Goel & Anderson regularly handles routine and complex naturalization cases, all of which require careful planning and examination of the client’s immigration, travel, employment, legal, and social background. Becoming a U.S. citizen through the naturalization process can have important tax, employment, and other benefits. U.S. citizens are also entitled to take an active part in our democracy, enjoy enhanced travel flexibility, and take advantage of significant additional avenues to help family members emigrate. It is also impossible to deport a U.S. citizen (unless citizenship was acquired fraudulently) — a significant benefit given the increasing number of deportations of permanent residents, irrespective of their length of time living in, and family ties to, the U.S.
Foreign nationals must meet the following basic requirements to be eligible for United States citizenship:
- The applicant must be admitted to permanent resident status.
- The applicant must have a continuous residence in the United States for at least five years for most permanent residents (and at least three years for those married to a U.S. citizen).
- The applicant must reside in the U.S. state from where they are applying for at least three months.
- The applicant must have the ability to read, write, and speak ordinary English.
- The applicant must have knowledge of U.S. history and government.
- The applicant must be of good moral character.
- The applicant must maintain continuous residence in the U.S. from the date of filing the naturalization application until actual admission to citizenship
- The applicant must have been physically present in the United States for at least 2.5 years (1.5 years for most spouses of U.S. citizens).
- The applicant must be at least 18 years old at the time of filing for naturalization (subject to certain exceptions);
- The applicant must support the principles of the U.S. Constitution.
Continuity of Residence for Naturalization Purposes
Among the most difficult (and often misunderstood) requirements for naturalization is the condition that the permanent resident resides continuously in the U.S. for a period of five (or three) years after admission to resident status. While a permanent resident may still return to the U.S. after a lengthy absence without adversely affecting their status, the absence may break the continuity of the alien's residence in the U.S. for naturalization purposes. The following rules apply:
- An absence of less than six months does not break the alien's continuity of residence in the U.S. for naturalization purposes.
- An absence of six months or more, but less than one year, breaks the continuity of the alien's residence for naturalization purposes unless the alien can give a reasonable explanation of the absence. An overseas assignment with a U.S. employer is typically accepted as a reasonable explanation.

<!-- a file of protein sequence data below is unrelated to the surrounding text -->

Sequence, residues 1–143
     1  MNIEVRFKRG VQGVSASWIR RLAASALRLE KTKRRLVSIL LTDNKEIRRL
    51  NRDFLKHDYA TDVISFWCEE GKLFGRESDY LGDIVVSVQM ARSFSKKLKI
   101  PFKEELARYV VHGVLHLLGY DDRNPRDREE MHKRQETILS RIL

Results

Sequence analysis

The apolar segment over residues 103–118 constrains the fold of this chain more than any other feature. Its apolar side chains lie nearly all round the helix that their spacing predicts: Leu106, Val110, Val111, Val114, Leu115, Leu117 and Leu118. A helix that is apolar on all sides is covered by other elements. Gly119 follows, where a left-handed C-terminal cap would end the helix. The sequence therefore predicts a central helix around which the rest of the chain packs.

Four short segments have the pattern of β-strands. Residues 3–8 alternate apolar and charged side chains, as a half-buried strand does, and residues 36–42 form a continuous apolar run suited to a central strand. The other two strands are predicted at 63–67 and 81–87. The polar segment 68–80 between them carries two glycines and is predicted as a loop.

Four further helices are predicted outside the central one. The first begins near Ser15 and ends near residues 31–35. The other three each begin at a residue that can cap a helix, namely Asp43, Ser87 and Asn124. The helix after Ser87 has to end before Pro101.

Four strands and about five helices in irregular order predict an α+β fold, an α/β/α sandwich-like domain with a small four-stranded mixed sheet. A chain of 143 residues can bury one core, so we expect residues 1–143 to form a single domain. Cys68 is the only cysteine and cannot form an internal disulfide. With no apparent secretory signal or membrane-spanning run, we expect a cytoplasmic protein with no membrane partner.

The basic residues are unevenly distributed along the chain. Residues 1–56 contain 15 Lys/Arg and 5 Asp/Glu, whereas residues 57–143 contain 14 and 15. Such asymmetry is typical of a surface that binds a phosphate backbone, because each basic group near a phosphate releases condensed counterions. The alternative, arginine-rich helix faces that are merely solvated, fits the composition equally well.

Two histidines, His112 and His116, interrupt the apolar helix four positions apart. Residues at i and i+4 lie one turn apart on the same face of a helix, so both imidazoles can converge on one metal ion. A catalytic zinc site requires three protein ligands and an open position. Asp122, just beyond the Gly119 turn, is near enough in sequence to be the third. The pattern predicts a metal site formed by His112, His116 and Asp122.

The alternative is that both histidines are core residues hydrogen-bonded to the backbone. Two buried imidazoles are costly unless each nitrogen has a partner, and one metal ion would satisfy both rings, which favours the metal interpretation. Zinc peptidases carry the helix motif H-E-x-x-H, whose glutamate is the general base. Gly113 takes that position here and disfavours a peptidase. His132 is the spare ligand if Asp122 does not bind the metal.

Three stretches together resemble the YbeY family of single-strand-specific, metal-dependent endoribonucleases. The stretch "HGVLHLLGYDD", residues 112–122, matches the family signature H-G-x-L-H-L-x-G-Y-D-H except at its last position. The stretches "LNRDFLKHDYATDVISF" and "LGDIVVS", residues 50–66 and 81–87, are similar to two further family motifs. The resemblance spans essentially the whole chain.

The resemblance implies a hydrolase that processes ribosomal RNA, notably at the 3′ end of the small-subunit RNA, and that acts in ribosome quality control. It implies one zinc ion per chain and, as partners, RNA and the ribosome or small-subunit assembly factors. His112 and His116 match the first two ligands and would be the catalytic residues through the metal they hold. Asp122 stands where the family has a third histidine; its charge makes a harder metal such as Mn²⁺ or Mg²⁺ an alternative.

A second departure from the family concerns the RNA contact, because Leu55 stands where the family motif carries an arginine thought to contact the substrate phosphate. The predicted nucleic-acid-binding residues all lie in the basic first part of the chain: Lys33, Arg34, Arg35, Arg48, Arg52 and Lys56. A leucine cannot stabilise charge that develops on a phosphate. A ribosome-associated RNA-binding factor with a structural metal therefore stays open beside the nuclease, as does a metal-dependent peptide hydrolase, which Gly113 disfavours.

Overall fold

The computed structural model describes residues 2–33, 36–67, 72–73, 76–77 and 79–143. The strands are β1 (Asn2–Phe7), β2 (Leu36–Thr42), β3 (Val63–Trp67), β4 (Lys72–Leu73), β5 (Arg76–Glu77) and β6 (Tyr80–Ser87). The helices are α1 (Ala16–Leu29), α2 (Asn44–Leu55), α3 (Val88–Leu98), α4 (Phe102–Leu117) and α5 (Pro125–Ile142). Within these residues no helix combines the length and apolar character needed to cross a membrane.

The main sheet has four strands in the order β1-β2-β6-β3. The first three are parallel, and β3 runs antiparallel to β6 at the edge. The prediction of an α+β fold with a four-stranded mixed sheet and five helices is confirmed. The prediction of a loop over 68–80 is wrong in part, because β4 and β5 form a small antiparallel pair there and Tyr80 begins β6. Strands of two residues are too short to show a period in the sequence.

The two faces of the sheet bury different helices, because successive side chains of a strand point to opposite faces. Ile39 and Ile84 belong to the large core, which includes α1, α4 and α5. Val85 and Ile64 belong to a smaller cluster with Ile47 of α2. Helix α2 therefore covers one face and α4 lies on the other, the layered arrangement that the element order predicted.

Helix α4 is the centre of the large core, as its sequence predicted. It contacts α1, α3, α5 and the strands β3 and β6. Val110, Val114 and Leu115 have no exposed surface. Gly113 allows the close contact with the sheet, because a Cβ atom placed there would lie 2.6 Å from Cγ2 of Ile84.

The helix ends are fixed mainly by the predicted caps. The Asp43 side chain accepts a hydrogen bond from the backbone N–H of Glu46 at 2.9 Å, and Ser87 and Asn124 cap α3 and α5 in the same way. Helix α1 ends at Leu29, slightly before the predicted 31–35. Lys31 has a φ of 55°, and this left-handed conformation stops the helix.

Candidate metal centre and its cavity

- An absence from the U.S. of one year or more automatically breaks the continuity of the alien's residence for naturalization purposes, unless the alien takes steps prior to the expiration of the year abroad to preserve the continuity of his/her residence.
One way to avoid negative consequences of the continuous residence naturalization rule is for the foreign national to return to the U.S. every six months, or at least every year if he/she has a reasonable explanation for his or her absence. Even a short stay in the U.S. is sufficient to end the absence abroad for continuous residence purposes. When planning such trips, however, it is important for the permanent resident to still meet the ultimate requirement that he/she was physically present in the U.S. for at least half the period of required continuous residence i.e., 2.5 years (or 1.5 years for most spouses of U.S. citizens).
The consequences of a break in the continuity of the alien's residence for naturalization purposes are significant. After a break in continuity, the alien must start all over again to accumulate the necessary five or three years of continuous residence upon his or her return to the U.S.
It is critical to consider the difference between maintaining continuity of residence for naturalization purposes and maintaining permanent resident status. Maintaining permanent resident status depends on the intention of the foreign national to return to the U.S. after a temporary trip abroad. The issuance of a re-entry permit to the foreign national is an acknowledgment that his/her trip abroad is considered temporary (at least up to two years). Maintaining continuity of residence for naturalization purposes depends strictly on the length of the absence of the permanent resident, and the issuance of a re-entry permit has no bearing on this issue.